In the Gap

It is not exaggeration that for almost 60 years I have been a woman who lived outside of herself, meaning whatever I could not “fix” I suppressed, as if a reckoning would never come but, of course, it did.  Fiscally, physically, and spiritually bankrupt, life as I had known it ended, which really was a good thing.

It did mean I had to “go wild into my life” but as freeing as that is, it is not without its pitfalls. The discovery of my story revealed a raw power but knowing my story is only freeing if I am not attached to its outcome. If I am, I am doomed to repeat my own history. I am not without my moments of reliving past behavior but they are fewer.

Two weeks ago, I began accessing what Deepak Chopra calls the “gap between our thoughts” through meditation. Chopra says that in meditation, we access our baseline state of consciousness, in essence where we began. For years, I have touted meditation while my actual practice of it was not an actuality. When the Chopra Center offered a free, 21 day meditation challenge, I was not without my skepticism yet I knew I was ready to begin meditation.

No doubt that makes a difference but I am amazed at what meditation has provided me over these past two weeks. They have not been easy weeks for my lupus has been quite active but meditation has provided me another way to be with lupus. In accessing the gap between my thoughts, I am in the stillness, where my physical body connects with my consciousness.

“In the gap” is a tempting place to stay but the pull of physical existence is stronger. For me, meditation is not a ‘60s “trip” nor am I in some sort of trance. I am, however, in a place where my physical presence is lighter. Upon my return–and this happens every time–there is a physiological change in me, a release of tension that pervades my life more and more. Whatever physical discomfort I have been feeling, it is less.

Here’s what I think is happening: my pain is less because more and more I accept it as a part of my physical presence. I do not know that I have ever accepted lupus or any of the other names my dis-ease has accumulated. While it is taking me some time to realize fully that acceptance, the coincidence of reading Cheryl Strayed’s book as I began meditating with the Chopra Center is not lost on me. Both are tools for releasing the past and accepting what is by choosing to be present in each moment. When I am, there is a physiological change in me.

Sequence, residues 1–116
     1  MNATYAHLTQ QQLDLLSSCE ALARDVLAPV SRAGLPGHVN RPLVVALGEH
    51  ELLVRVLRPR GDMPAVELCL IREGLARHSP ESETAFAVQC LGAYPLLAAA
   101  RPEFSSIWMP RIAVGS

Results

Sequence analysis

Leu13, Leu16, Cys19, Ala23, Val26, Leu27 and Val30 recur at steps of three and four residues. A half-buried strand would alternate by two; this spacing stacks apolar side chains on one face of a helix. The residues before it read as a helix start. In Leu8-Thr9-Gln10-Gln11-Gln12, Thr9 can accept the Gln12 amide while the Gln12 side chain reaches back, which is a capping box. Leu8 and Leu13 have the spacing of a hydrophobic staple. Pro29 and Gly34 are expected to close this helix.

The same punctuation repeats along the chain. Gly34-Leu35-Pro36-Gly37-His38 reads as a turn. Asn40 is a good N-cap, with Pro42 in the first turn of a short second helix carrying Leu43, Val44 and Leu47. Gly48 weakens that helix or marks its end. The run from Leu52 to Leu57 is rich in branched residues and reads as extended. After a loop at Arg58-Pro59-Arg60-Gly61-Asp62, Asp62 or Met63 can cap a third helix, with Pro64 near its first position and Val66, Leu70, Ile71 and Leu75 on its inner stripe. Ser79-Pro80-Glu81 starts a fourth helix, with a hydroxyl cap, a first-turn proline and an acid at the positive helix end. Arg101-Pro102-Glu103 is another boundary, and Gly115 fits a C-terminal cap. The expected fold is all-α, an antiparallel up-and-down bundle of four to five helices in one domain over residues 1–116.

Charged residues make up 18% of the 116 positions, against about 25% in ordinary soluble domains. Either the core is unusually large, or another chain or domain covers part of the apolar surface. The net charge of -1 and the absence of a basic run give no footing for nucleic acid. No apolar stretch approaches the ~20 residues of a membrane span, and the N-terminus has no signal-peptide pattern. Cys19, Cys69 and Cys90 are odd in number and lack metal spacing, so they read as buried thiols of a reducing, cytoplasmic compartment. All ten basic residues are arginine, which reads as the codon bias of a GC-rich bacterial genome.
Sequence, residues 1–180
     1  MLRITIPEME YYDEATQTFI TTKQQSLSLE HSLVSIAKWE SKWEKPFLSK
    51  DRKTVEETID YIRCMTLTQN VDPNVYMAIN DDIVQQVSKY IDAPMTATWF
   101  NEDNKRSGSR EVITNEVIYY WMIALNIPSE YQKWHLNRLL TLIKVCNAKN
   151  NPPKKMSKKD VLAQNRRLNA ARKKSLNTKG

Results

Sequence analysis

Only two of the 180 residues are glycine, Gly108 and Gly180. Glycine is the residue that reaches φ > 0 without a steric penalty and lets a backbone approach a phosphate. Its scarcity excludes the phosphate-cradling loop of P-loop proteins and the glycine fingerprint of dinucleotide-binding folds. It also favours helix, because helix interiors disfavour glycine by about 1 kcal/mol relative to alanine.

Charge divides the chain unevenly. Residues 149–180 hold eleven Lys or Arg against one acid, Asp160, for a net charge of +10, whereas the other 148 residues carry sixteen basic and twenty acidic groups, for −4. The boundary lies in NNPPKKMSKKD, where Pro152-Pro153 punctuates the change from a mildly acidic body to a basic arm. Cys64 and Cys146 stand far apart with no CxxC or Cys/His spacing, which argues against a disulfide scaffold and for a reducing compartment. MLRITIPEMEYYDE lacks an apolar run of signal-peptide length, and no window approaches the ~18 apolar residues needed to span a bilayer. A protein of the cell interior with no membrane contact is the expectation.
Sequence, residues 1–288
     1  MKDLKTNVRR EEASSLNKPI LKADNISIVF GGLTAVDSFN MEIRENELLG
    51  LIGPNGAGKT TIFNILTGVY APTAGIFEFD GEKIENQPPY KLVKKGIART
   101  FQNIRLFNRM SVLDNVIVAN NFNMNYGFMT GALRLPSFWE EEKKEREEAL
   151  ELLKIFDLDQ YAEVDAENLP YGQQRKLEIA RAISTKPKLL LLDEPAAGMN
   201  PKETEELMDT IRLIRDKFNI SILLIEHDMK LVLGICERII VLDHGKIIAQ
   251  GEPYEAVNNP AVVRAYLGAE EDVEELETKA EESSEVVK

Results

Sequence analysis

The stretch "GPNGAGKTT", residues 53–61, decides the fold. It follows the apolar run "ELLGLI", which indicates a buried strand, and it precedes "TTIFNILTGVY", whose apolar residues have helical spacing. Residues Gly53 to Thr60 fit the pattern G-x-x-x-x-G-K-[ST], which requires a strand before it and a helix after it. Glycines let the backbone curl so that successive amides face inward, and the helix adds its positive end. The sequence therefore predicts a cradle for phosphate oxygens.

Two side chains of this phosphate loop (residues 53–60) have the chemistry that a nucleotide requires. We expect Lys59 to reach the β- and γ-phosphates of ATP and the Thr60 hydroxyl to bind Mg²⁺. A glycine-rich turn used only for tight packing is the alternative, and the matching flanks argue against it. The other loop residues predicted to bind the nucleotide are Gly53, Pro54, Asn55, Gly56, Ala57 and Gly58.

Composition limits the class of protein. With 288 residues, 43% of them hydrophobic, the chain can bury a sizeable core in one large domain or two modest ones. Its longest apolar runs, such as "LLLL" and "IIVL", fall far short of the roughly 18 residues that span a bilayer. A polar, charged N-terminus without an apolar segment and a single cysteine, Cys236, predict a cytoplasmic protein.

After 35 years of chronic illness, I am surprised but I also know that when I went knocking on the doors of the ancient traditions this time, I surrendered. That is an admission I never thought I would make much less post on the Internet but in accepting all of my story, lupus included, I surrendered to all I have been and all I have done, freeing me from the responses I have always made.

When I am present, the physiology of my body responds differently. I am not pulling from the past or tugging from the future for a response. My moment is not attached to any past baggage or any future “what ifs.” Situations are not free but my response to any of them, including lupus, is.

Being present is to reside in the unknown, “where the wild things are,” where creativity connects with consciousness. It takes practice, requires patience, its paths are many yet the moment is all we ever have, and it is enough.

Len Huber image

21 thoughts on “In the Gap

  1. I have a mental image (my metphors all come with pictures) of allowing my arms to drop to my sides, and facing life as it comes without trying to defend myself. A non-adversarial stance seems to work best. I can never resist the immense force of life, I can only flow with it.

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  2. Today has been a day lived in reaction rather than a day lived in positive action. I think the reason for this is the quiet time didn’t happen first. However, I’m hopeful that a step back, some quiet time, some deep breaths, and some communion with God will put the day back on track.

    I believe we can do almost anything for fifteen minutes, given the determination to see it through. Lovely article.